Budget – The House may vote this week on a conference report on a joint budget resolution. If passed by both chambers, the budget resolution would allow the Republican-controlled Congress to use reconciliation to possibly enact sweeping entitlement, health, and other reforms that could not pass otherwise with the Senate’s filibuster rules. The Senate may also consider the conference report, which is unamendable, this week or next.

Education – The Senate HELP Committee passed its bipartisan ESEA reauthorization legislation, the Every Child Achieves Act, unanimously out of Committee earlier in April. While the bill would require states to set rigorous college and career goals, maintain annual assessments, and include English Learners in their accountability systems, civil rights and business groups remain concerned that the accountability system is not strong enough. Senator Chris Murphy (D-Conn.) offered an amendment during the mark-up that would require states to intervene when schools were chronically under-performing or not serving particular subgroups. This amendment was withdrawn but is likely to serve as the framework for trying to improve the bill as it moves to the floor at some point at the end of May or early June.

Health – The Senate Small Business and Entrepreneurship Committee will hold a hearing on Wednesday on the King v. Burwell case before the Supreme Court. The hearing comes shortly after Senator Johnson (R-Wis.) introduced a “contingency plan” backed by Senate Republican leadership if the Supreme Court finds against the federal government.

Border Facilities – The House will vote under suspension of the rules on Tuesday to name the Douglas Border Crossing in Arizona after former Governor Raul Castro. Governor Castro was Arizona’s only Latino Governor and also served as Ambassador to Bolivia and Argentina. He passed away earlier this month.

This Week in Immigration Reform — Week Ending April 24

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Week Ending April 24

This week in immigration reform: update on Texas lawsuit challenging administrative relief; NCLR continues our blog series on deferred action recipients; and USCIS joins with local governments on immigrant integration.

Update on lawsuit challenging executive action: Last Friday the 5th Circuit Court of Appeals heard oral arguments in the case concerning President Obama’s November executive actions on immigration. An article in Politico notes that the court will likely rule 2-1 against the request for a lifting of the injunction placed on expanded DACA and DAPA by Judge Hanen. The oral arguments took the same tone as the political debate around the president’s contentious actions, and the next step might be taking the case to the Supreme Court. A large group of those supporting President Obama’s executive actions packed the courtroom and held a rally outside the courthouse. A decision from the three-judge panel could come at any time and those familiar with the process believe it will come within the next few weeks.

NCLR features DACA recipient Joel Sati: This week’s installment of our ‘Living the American DREAM’ blog series profiles 22-year-old college student Joel Sati, originally from Kenya. Joel learned he was undocumented in high school and slowly began taking classes at Montgomery College in Maryland. He was actively involved with United We Dream and advocating for the Maryland DREAM Act. When President Obama announced DACA in 2012, Joel’s activism paid off. Our blog notes: “For Joel, the impact of receiving DACA was life-changing. After graduating from Montgomery College as a Phi Theta Kappa honor student, he was accepted into the Skadden Arps Honors Program in Legal Studies at CCNY. Today, the philosophy major juggles a full course load and an internship at an immigration law firm in Harlem.” In the fall he will be applying to Ph.D. programs in philosophy and aspires to become a college professor.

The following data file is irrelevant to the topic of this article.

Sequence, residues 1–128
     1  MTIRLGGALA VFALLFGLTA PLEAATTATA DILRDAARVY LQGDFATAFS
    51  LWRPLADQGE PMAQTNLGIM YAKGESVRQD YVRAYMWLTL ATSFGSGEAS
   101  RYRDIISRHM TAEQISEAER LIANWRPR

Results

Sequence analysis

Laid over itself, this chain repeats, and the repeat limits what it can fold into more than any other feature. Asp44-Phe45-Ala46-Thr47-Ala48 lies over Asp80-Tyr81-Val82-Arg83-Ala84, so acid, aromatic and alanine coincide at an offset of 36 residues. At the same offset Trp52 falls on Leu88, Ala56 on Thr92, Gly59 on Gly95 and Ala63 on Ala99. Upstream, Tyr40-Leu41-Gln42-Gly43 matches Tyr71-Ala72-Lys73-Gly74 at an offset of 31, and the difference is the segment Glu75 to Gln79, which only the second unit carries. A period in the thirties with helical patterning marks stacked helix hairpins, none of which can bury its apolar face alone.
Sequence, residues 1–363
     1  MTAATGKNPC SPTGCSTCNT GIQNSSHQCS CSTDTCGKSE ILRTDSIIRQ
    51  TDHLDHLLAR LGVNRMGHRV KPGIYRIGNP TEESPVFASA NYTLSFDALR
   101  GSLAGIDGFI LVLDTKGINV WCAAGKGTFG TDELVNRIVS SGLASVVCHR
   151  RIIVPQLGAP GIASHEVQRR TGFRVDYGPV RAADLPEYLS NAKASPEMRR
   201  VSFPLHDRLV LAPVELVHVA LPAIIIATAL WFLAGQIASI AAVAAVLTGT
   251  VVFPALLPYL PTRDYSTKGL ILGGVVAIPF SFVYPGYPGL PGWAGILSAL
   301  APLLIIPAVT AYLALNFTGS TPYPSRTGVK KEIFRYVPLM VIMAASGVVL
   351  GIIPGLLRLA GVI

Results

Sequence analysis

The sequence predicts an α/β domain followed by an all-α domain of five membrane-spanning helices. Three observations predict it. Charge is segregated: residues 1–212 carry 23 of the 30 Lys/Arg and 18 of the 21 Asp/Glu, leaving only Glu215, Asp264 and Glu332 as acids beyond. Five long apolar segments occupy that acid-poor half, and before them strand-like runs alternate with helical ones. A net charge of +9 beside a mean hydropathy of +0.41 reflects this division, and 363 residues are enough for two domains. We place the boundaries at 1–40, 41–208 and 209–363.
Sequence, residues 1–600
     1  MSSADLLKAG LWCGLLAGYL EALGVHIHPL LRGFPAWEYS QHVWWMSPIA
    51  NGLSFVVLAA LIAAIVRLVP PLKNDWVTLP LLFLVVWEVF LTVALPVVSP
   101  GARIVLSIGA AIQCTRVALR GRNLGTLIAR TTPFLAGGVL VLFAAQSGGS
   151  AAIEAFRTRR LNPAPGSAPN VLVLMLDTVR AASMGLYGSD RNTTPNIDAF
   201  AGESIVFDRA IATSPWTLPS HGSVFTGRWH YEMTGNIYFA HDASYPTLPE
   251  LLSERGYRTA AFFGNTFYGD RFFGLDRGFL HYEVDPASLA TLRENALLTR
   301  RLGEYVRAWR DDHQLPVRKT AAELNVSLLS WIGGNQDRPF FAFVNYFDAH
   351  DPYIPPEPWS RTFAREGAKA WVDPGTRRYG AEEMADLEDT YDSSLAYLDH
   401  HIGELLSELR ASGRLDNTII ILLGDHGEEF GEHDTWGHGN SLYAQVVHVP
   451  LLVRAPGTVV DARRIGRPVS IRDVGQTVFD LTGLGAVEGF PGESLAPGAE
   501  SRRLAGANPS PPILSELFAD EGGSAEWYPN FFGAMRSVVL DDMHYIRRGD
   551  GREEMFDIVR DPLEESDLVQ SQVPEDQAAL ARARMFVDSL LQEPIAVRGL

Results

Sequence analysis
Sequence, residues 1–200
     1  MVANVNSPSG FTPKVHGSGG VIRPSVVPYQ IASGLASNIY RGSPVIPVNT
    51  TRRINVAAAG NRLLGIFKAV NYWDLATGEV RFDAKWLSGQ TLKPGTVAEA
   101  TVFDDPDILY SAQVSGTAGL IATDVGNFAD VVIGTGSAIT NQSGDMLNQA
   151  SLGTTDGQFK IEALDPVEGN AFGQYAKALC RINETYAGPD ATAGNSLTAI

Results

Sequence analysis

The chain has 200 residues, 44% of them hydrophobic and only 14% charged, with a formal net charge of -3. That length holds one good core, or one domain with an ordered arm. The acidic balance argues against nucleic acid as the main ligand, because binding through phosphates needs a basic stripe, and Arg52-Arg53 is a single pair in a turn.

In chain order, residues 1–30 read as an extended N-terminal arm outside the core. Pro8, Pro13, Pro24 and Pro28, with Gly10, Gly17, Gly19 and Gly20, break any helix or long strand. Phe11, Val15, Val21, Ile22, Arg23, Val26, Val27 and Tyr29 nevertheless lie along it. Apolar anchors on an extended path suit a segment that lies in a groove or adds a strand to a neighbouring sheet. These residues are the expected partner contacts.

Cities recognize importance of immigrant integration: This week USCIS and the city of Atlanta announced a new partnership to strengthen citizenship education and awareness efforts. Atlanta joins three other cities – Los Angeles, Chicago, and Nashville – to expand access to resources and information regarding naturalization. Atlanta Mayor Kasim Reed notes, “The contributions of immigrants and foreign-born residents to the cultural and economic fabric of Atlanta are irrefutable. In the City of Atlanta, immigrants are over-represented among the self-employed, and across our state, new immigrant business owners generate business revenue of $2.9 billion a year.  Despite their proven value to our city, thousands of our eligible residents have not yet completed the naturalization process. That’s why I’m thrilled to announce a joint commitment with USCIS to expand access to citizenship in Atlanta, with all its privileges and responsibilities.”

Not only do legal immigrants contribute to the local, state and national economies, but undocumented immigrants do as well. A Washington Post article highlights a new report from the Institute on Taxation and Economic Policy, a nonpartisan nonprofit. The report found President Obama’s executive actions on immigration will generate an extra $845 million in taxes annually from immigrants living here undocumented. That is in addition to the $11.8 billion they already contribute.